Category Archives: Pets

DFW animal shelters recommend pet owners create an emergency plan

Dog wearing a mask is seen on a street following an outbreak of the novel coronavirus disease (COVID-19), in ShanghaiThe shelters – Dallas Animal Services, Fort Worth Animal Care and Control, the Humane Society of North Texas, Irving Animal Services, SPCA of Texas and Tri-City Animal Services – recommend preparing a supply kit for your pet as a backup plan for pet care or boarding if you become hospitalized.

“Your family must have a plan in place to ensure your pets receive proper care if you were to fall ill with COVID-19 or unable to visit the store for an extended period of time,” said Ed Jamison, director of Dallas Animal Services. “The past few weeks have shown us just how quickly this situation can change and it’s important to prepare for any possibility.”

The shelters recommend staying up-to-date on COVID-19 facts from sources like the Centers for Disease Control, the World Health Organization and the American Veterinary Medicine Association.

“If admitted to the hospital, the ideal plan is for your pet to stay at home and receive care from another family member,” said Dr. Tim Morton of Fort Worth Animal Care and Control. “However, it’s important to prepare for all possible scenarios, so we recommend requesting help from a friend or neighbor.”

In addition to considering emergency boarding, shelters recommend updating your pet’s microchip information and preparing an emergency supply kit for your pet, which should include:

  • Two weeks’ worth of food and medication.
  • Vaccination records and veterinarian’s contact information.
  • Collar with ID tags.
  • Daily pet care instructions.
  • A crate, leash, carrier and toys or treats.

For assistance obtaining pet food or medical care for pets, visit the SPCA of Texas’ Pet Resource Center.

For pet owners in need, pet food is available through Don’t Forget to Feed Me, 5825 E Rosedale St., and the Community Food Bank, 3000 Galvez Ave.

Proper care is important for all members of the family, even the four-legged ones.

Source: https://texaspolicenews.com/default.aspx?act=Newsletter.aspx&category=News+1-2&newsletterid=73018&menugroup=Home

How much is that doggie in the window? And where’s the window?

By Stacey Doud

AnimalSvcsSite2For folks that are hoping to adopt a dog or cat from the Grapevine Animal Shelter, a surprise may be in store for them instead of a family pet.

Right now, only rubble occupies the lot at 500 Shady Brook Drive. The shelter was relocated to Coppell at the end of November 2019 so that the existing building could be demolished. A new, larger facility will take its place. This new building will be almost three times larger than the original.

The project is being paid for by a 2017 bond election.

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Graphic Courtesy of the City of Grapevine

“We are very excited to provide a functional and beautiful building that will be meet best practices and provide health and safety for the animals, visitors, volunteers, and staff,” a representative of the shelter said.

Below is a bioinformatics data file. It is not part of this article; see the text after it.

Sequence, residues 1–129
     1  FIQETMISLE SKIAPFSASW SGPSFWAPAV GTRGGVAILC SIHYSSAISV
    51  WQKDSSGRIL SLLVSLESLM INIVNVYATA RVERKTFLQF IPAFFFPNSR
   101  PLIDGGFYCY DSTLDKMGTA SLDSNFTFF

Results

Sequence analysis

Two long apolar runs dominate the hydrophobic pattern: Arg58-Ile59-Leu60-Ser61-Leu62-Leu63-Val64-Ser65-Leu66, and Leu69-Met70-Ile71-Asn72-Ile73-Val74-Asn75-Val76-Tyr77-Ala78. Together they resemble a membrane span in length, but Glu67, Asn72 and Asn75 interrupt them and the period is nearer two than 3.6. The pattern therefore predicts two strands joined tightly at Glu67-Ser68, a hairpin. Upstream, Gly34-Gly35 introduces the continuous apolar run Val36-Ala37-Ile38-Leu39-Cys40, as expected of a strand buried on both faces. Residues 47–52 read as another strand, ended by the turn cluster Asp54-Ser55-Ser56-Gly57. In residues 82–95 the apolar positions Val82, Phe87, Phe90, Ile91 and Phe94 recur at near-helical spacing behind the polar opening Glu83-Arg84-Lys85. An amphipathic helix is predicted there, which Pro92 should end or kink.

“The thing that struck me about the building that used to be here was the size. I could see why they would want to increase the size of the new building and give it a lot more footage,” said Jim Goucher, Superintendent of Steele & Freeman, Inc. Construction Managers.

Animal Services Sign

“We have a Fall 2020 completion date, and the weather can play a big factor in that. Right now, we are tracking on target for that,” Goucher said. “We are getting beat on by the rainy weather, but we anticipate an on-time finish. Currently we are setting the foundation into place, along with the grade support beams, the plumbing and the slab. Once we get that done, it gives us something to go straight up with,” Goucher explained.

Goucher also said that several citizens have come to the site, either because they weren’t aware of the construction or had questions about where they can go to adopt a pet.

All adoptable Grapevine animals are still available at Coppell Animal Services, located at 821 S. Coppell Rd. Coppell, TX 75019. They are open Monday – Saturday from 9am – 5pm and Sunday from 1pm – 5pm. The phone number at the Coppell location is 972.304.3515.

Cats are available at the Southlake PetSmart store, located at 200 Village Center Drive. The phone number at PetSmart is 817.251.6848 and they are open Monday – Saturday from 9am until 9pm and Sunday from 10am until 7pm.

To reach Grapevine Animal Services, call 817.410.3370. They continue to provide field services, such as responding to animal concerns and loose/stray animals, deceased animal pickup, ordinance enforcement, and animal bite reporting.

To learn more about Grapevine Animal Services, visit https://www.grapevinetexas.gov/1251/Animal-Services\

Editor’s Corner – When unconditional love is suddenly gone: Coping with the loss of a beloved pet

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Izzy Boo